SAC Capital founder Steve Cohen wins.
Previously: Area Man Threatens To Out-Toilet Stevie Cohen.
Also: Greenwich’s Outrageous Fortunes, Greenwich: The New Newport, Only Tackier & Nerdier.
P&Z rejects Simmons Lane mansion plan [Greenwich Time]
SAC Capital founder Steve Cohen wins.
Trouble in hedge fund land. Greenwich residents are terrified that would-be new neighbor, Russian millionaire Valery Kogan, will make them look bad (read: poor) by building a proposed 54,000 square foot mansion with two wings, “extensive” subterranean space, and room for up to 300 guests, which will clearly dwarf their own homes, relative shacks compared to the behemoth.
Though they claim their protests are merely matters of (a) taste (“`It looks like they want to duplicate the Winter Palace here in Greenwich,” said Leslie McElwreath. “It’ll be an eyesore.”), (b) safety (“This is a road where our kids learn to ride bikes, rollerblade, and people take walks,” said Morris Sachs, a trader at Brevan Howard.) and (c) not being summarily drowned while taking part in a pissing contest (“This is going to be a palace on a postage stamp,” Charles Lee said. “It’s too much.”), those intimately familiar with the gastrointestinal habits of SAC Capital Founder Steve Cohen know better.
Though never stated outright, the real problem with Kogan’s house is that it is slated to contain 26 toilets. And though it has many, many WC’s, Steve Cohen’s home does not have 26. Were Kogan to start building without making some edits first, he would not only be embarrassing Cohen in his own domain, he would be breaking a law, which the residents quoted by Bloomberg are trying to uphold. Section 182, clause 17 of the Greenwich town code clearly states that “no home shall exceed the number of waste-removal stations as are found at Casa Cohen.”
Interestingly enough, Cohen, who is not cited in the article, is said to have zero problem with any other aspect of Kogan’s dream home. “He could build a domicile three times the size of Stevie’s, with 40 master bedrooms to Steve’s 2, 16 refrigerators to Steve’s 12, and 2 ice rink’s to Steve’s 1,” a friend of a friend of a friend told DealBreaker. “It’s the toilets he cares about. Just the toilets.”
Empathizing with the big guy, CNBC on-air editor Charlie Gasparino commented that he “fully understands where Cohen’s coming from.” Pausing momentarily to enjoy a paper-thin slice of salami he’d cut moments earlier on the deli meat slicer he’d won in a bet with his local butcher, Gasparino added, “Bathrooms are extremely important to me. I live in a studio, but it’s got 4 cans. And I think that because so much of my identity is tied to my obsession with being ‘regular,’ I’d probably feel threatened if the guy next door had 5. I know it sounds crazy, but it’d be like I was less of a man or something.”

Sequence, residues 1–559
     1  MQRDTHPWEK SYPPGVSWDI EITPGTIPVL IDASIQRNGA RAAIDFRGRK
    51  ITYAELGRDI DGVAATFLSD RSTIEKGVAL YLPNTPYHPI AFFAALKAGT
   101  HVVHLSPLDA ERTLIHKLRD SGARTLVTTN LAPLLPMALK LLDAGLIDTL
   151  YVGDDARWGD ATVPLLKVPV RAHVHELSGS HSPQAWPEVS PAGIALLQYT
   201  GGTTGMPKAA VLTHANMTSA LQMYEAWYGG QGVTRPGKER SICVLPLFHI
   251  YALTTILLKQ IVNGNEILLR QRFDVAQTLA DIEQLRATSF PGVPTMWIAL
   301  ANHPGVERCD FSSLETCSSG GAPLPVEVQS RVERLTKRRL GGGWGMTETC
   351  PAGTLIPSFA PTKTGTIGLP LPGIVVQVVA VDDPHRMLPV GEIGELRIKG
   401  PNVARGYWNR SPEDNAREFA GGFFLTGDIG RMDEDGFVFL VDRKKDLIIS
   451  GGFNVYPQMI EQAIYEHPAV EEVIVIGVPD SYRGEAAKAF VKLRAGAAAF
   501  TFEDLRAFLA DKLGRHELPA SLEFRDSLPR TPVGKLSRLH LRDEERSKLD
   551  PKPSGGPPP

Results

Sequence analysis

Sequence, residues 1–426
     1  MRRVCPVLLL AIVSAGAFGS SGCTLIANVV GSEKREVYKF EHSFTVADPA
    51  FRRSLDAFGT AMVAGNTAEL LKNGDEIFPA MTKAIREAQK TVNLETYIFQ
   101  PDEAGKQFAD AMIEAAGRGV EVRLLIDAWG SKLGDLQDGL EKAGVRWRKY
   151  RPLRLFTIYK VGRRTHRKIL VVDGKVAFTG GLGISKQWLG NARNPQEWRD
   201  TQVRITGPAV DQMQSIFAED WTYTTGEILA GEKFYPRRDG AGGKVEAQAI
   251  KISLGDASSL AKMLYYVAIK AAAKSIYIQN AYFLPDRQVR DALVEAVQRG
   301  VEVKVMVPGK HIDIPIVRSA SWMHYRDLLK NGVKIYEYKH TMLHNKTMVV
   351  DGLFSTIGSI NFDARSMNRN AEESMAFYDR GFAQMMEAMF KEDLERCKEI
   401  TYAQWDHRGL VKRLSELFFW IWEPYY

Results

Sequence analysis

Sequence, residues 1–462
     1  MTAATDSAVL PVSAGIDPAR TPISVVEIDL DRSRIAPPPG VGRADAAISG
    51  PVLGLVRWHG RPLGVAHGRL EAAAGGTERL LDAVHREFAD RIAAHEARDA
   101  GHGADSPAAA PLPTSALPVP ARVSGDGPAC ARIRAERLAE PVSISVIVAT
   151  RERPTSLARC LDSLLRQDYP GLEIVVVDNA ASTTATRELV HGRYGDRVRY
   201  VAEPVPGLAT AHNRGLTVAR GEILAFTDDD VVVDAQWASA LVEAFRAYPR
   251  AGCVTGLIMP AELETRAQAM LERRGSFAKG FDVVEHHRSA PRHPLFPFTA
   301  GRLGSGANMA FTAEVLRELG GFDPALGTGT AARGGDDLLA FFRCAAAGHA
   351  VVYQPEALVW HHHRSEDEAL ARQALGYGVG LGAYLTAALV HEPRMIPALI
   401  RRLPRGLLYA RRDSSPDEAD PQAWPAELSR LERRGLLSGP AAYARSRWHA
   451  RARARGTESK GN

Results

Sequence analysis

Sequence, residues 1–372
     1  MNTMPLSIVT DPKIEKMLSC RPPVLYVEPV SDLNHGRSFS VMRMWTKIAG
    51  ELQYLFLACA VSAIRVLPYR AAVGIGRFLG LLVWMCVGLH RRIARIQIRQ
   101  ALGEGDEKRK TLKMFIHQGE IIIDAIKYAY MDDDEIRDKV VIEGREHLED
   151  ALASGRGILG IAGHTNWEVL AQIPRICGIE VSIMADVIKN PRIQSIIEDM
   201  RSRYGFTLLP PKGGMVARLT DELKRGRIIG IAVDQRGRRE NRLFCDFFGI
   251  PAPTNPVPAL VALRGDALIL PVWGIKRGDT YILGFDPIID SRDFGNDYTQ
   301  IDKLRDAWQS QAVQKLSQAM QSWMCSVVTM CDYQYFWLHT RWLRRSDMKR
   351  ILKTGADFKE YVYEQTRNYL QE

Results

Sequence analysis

Worth watching just for the clothes.
The Independent’s Chris Walker spent a day out in the hedge fund wonderland of Greenwich, Connecticut. It reminds him of Newport, Rhode Island circa the early days of the last century. Only with less culture, worse taste and more geeks.
A new gilded age? I spent this 4 July in the various palatial Vanderbilt family homes in Newport, Rhode Island. Newport was Greenwich’s predecessor 100 years ago, with some 300 mansions at its peak. True, whereas the Vanderbilts spoke French at table and dined in white ties, today’s financiers are more often T-shirted geeks who studied physics at college. On the other hand, the building mania that is gripping Greenwich is creating a new Newport. The average price paid for a house in Greenwich last year was $2.5m, but 16 went for over $10m. Many more are built from scratch for even more.
The gilded cages of the hedge-fund Vanderbilts [The Independent]
More from Nina Munk’s Greenwich piece in the July issue of Vanity Fair (on newsstands next week). The setup:
With its undisturbed views of Long Island Sound and a comfortable commute to Manhattan, Greenwich has long attracted men with brand-new money. A few months ago, one of the main pieces of the original Simmons estate changed hands yet again, this time for $18.5 million. The buyer’s identity remains a mystery. Rumor in Greenwich has it he’s either a Russian mobster or, more likely, a hedge-fund manager.
But as demonstrated below, the two are not always mutually exclusive**:
To the left is a picture of the man identified by Vanity Fair as the Patient Zero of hedge fund violence against Greenwich architecture.
The first hedge-fund manager to build a big house in Greenwich may have been Paul Tudor Jones II. In 1988, when he was only 33, The Wall Street Journal dedicated a front-page story to Jones, calling him “the most-watched, most-talked-about man on Wall Street.” The previous year, with estimated earnings of $80 million to $100 million, Jones was said to have made more money than anyone else on Wall Street, even more than Henry Kravis (who earned an estimated $70 million) and Michael Milken ($60 million). It wasn’t long before Town & Country named Jones one of New York’s most “eligible and exciting” bachelors.
More after the jump.